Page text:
2017 Neukom Research Prize Winners

Neukom Prize for Outstanding Graduate Research

1st Prize: Cosmic Evolution of Supremassive Black Holes

Student: Mackenzie Jones
Mentors: Ryan Hickox, Physics & Astronomy

“Do you see what I see? Exploring the Consequences of Luminosity in Black Hole-Galaxy Evolution Studies”

Mackenzie’s computational work as a graduate student has broken important new ground in our understanding of the cosmic evolution of supermassive black holes. The model she is building has the potential to be extraordinarily useful for understanding the massive data sets from the coming generation of astronomical surveys.

2nd Prize: Uncertainty at the Synaptic Level

Student: Shiva Farashahi
Mentor: Alireza Soltani, PBS

Metaplasticity as a Neural Substrate for Adaptive Learning and Choice under Uncertainty” Department of Psychological and Brain Sciences

Shiva’s most recent work has been published in the prestigious journal Neuron. This work proposes a new computational model for learning under uncertainty at the synaptic level, and in doing so, bridges the gap between synaptic mechanisms and behavior. This model reveals that there’s not a single rate of learning for everything we do, as the brain can self-­adjust its learning rates using a synaptic mechanism called metaplasticity. Her findings refute the theory that the brain always behaves optimally.

Neukom Prize for Outstanding Undergraduate Research

1st Prize: ATLAS (Automated Tone Level Annotation System)

Student: Emily Grabowski 
Mentor: Laura McPherson, Linguistics

Emily has created a tool ATLAS (Automated Tone Level Annotation System) that will import audio from field recordings of spoken languages, extract and normalize the pitch, then automatically assign each syllable in the recording a “tone level”, a number representing which part of the speaker’s range it is pronounced in. The number of levels can be set by the researcher depending upon how much detail about the pitch contours of a speaker’s utterance is necessary. These annotations are an enormous timesaver for the researcher, who currently must annotate each syllable by hand using either his or her ear or raw acoustic measures. The annotations that are computationally produced by ATLAS are also superior in that they are objective and replicable, based on the actual acoustic signal rather than the researcher’s (often imperfect) ear.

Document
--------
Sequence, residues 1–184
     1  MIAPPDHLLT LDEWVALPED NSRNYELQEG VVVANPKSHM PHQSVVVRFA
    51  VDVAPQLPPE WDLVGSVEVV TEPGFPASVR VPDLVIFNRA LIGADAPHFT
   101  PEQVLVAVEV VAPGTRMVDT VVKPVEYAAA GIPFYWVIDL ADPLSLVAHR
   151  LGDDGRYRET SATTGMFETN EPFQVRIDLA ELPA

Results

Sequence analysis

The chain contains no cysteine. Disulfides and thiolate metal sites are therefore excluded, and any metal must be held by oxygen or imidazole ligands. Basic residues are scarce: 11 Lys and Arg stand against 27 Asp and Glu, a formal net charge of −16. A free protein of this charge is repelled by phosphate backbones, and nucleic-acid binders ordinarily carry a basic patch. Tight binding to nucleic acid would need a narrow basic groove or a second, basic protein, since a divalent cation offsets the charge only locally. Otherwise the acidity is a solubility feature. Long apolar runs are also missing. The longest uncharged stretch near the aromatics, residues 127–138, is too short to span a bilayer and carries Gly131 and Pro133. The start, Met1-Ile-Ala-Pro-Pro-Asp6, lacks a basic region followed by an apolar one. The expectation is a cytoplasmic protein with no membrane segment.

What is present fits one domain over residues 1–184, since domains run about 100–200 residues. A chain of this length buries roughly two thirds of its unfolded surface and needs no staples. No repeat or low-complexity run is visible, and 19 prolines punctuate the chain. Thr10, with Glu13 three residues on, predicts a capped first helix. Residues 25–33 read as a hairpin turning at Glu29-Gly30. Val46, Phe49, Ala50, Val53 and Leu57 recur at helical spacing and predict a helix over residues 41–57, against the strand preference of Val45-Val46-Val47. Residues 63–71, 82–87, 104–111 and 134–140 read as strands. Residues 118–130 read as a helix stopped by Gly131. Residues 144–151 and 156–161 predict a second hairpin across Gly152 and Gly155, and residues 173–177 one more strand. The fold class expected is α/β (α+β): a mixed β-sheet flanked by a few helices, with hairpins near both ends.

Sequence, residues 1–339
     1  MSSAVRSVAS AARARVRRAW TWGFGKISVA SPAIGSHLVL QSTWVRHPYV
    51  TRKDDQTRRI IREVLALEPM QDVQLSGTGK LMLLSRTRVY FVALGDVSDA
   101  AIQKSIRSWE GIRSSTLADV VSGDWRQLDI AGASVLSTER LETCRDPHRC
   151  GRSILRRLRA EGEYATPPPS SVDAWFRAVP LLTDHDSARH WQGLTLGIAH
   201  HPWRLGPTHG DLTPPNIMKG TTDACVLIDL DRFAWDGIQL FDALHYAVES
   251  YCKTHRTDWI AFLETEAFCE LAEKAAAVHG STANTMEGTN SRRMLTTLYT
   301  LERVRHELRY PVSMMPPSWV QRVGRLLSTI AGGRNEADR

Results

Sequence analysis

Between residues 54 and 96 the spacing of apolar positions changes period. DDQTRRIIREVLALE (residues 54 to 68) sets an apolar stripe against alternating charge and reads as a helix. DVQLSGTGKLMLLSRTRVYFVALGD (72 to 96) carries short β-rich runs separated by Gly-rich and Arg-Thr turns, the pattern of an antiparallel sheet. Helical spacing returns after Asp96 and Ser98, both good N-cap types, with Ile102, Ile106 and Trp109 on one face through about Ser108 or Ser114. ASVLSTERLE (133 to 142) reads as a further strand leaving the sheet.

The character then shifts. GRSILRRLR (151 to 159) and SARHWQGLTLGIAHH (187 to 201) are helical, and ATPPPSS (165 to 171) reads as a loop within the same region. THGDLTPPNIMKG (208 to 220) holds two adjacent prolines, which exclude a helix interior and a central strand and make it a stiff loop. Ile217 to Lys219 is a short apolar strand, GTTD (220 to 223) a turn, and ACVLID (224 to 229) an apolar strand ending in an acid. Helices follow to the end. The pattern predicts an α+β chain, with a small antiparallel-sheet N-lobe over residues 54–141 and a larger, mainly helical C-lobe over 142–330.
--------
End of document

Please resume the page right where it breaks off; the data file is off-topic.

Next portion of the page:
1st Prize: Selective Sharing of Health Data

Student: Emily Greene
Mentor: Dave Kotz, CS

In her senior honors thesis Emily has leveraged advanced cryptographic techniques to make it possible for wearers of Amulet, or similar mobile Health devices, to upload their mobile Health data to the cloud and then selectively share that data with family, friends, caregivers, and researchers. This challenge – selective sharing of health data – is one of the great unsolved problems in the mobile Health sector.

2nd Prize: Augmented Reality for the Visually Impaired

Student: Jonathan Huang 
Mentors: Emily Cooper (PBS) and Wojciech Jarosz (CS)

“A HoloLens Application to Aid People who are Visually Impaired in Navigation Tasks”

Jonathan developed an application for an Augmented Reality (Microsoft HoloLens) device that assists users with severely impaired visual acuity to locate, identify, and read text information. His TextSpotting application makes use of the Microsoft HoloLens’s sensors and combines them with the capabilities of the Google Vision API to locate, highlight and read text.